Private Rooms – Better Outcomes

Angie SzumlinskiHealth, Studies

Nursing home residents have been disproportionately affected by coronavirus disease 2019 (COVID-19). Prevention recommendations emphasize frequent testing of health care personnel and residents, but additional strategies are needed. Compared with community-dwelling older adults, nursing home residents are 5 times more likely to die of COVID-19. The concentration of COVID-19 mortality among nursing home residents can be explained by the high risk of contracting infection because of congregate living, exposure to staff, and difficulties with physically distancing because of cognitive and functional impairment. Residents who acquire infection are at high risk of mortality because of advanced age and multimorbidity.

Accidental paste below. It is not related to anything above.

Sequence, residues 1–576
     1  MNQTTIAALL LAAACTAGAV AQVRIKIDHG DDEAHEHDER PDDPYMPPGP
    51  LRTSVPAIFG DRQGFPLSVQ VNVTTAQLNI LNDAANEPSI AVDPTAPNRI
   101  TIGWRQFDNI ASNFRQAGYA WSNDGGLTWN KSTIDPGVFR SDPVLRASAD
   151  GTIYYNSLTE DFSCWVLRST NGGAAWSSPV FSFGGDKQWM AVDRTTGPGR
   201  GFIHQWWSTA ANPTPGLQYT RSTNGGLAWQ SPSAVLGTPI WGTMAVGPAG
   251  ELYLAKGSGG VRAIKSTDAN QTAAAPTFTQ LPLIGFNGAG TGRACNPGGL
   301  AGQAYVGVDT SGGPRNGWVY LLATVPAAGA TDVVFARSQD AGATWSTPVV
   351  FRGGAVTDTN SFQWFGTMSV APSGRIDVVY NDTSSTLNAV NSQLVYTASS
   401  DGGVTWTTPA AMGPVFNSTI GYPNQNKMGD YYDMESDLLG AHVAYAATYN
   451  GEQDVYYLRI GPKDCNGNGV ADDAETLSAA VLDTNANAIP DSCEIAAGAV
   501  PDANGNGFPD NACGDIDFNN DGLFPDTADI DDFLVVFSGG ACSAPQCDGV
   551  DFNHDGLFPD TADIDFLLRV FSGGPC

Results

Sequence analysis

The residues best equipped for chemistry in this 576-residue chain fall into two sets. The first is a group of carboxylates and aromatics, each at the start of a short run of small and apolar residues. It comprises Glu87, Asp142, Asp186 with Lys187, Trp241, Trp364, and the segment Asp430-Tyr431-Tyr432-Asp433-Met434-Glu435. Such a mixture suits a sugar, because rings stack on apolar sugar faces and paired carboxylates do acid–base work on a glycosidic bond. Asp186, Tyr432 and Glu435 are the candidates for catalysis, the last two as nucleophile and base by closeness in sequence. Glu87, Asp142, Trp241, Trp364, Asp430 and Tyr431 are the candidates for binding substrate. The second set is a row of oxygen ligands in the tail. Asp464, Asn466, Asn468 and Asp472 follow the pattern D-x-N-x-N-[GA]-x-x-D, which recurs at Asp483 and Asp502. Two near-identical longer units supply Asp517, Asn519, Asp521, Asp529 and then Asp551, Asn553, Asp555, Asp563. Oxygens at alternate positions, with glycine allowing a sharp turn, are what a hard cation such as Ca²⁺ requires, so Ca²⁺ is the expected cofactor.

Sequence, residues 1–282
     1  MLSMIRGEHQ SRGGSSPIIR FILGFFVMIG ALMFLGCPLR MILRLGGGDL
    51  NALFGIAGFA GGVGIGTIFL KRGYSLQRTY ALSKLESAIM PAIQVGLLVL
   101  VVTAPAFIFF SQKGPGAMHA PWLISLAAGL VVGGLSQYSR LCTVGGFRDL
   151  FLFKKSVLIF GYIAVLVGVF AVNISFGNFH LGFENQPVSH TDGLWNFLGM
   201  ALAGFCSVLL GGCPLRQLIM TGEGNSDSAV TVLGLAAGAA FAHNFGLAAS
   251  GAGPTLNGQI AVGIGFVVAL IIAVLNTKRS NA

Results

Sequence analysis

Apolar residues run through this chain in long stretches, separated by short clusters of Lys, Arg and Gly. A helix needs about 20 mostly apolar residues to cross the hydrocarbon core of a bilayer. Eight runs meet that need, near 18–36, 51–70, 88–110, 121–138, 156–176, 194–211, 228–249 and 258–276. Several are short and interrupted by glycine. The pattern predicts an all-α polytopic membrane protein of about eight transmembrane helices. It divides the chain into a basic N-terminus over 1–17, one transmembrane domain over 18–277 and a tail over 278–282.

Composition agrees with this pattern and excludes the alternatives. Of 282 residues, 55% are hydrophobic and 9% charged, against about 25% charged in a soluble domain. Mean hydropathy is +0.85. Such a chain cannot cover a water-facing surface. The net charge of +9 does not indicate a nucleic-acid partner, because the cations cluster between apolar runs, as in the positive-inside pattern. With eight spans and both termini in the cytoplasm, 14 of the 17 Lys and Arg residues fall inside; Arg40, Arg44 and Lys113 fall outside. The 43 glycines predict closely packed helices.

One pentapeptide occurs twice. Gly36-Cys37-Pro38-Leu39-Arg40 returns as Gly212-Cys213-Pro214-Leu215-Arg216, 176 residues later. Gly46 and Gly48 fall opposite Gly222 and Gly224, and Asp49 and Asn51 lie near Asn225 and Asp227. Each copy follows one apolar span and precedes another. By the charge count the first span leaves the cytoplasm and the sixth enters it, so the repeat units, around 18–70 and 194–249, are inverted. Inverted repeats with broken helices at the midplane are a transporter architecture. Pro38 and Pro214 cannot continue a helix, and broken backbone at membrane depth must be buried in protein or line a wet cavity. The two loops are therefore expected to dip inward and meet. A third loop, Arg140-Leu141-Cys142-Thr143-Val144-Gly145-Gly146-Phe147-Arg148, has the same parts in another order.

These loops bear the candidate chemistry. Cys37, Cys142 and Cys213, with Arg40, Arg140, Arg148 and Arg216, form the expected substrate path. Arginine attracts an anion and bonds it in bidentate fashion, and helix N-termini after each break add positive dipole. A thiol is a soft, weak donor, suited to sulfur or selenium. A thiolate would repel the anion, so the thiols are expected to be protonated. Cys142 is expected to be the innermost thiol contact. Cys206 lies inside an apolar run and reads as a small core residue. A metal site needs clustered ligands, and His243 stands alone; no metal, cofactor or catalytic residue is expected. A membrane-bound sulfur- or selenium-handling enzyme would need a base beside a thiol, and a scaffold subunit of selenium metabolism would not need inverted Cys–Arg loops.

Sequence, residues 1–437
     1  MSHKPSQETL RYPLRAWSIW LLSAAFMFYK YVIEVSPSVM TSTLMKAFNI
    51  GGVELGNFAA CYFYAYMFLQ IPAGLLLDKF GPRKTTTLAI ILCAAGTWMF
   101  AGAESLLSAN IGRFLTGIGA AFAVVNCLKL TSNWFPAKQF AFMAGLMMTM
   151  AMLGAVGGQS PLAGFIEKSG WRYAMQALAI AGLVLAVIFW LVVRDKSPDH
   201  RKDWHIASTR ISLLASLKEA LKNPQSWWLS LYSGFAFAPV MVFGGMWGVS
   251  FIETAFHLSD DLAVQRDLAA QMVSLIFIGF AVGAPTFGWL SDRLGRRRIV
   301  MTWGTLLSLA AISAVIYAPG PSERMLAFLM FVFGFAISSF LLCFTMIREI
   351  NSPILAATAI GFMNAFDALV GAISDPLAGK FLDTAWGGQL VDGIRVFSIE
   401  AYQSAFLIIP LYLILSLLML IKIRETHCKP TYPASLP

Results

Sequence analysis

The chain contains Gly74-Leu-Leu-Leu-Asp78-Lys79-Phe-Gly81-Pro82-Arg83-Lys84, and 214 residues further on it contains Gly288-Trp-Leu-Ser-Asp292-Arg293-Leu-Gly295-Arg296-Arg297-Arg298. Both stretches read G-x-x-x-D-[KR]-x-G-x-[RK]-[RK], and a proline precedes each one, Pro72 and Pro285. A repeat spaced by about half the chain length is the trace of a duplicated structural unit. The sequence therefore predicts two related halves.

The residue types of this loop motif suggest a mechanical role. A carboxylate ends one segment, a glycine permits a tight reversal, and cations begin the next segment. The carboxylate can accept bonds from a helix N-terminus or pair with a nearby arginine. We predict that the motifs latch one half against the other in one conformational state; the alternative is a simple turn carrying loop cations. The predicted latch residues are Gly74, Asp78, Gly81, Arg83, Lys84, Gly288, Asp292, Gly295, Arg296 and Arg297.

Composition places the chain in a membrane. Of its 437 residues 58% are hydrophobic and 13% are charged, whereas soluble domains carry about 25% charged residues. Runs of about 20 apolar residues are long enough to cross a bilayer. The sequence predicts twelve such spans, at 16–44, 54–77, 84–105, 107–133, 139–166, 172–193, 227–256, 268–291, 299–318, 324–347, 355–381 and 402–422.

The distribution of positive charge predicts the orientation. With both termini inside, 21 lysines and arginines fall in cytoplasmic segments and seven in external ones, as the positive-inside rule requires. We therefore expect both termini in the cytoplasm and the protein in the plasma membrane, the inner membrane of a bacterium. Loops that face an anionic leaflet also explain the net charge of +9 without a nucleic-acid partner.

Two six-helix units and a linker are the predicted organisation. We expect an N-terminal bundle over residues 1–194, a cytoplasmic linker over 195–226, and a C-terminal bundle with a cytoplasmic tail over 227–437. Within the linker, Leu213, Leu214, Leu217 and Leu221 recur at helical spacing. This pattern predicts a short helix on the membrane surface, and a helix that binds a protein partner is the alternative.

The findings in this JAMA study align with a prior systematic review demonstrating that the risk of respiratory infection in occupants of 2-bed rooms was double that of those in single-occupancy rooms. Physical barriers such as walls separating bedrooms, predict deposition patterns of viral droplets more than absolute distances between beds in a shared room. Crowding can affect an entire home because higher risk among occupants of shared rooms may spillover to private room occupants as residents come into contact with each other directly, in common areas, or indirectly via health care workers.

In a perfect world, everyone would have a private room but as we all know, that isn’t always the case. We can’t usually change the physical plant but we can be sure we are providing appropriate PPE, education for staff and residents, and ongoing monitoring to ensure social distancing is maintained. Stay the course, stay strong, stay well, mask up, and stay tuned!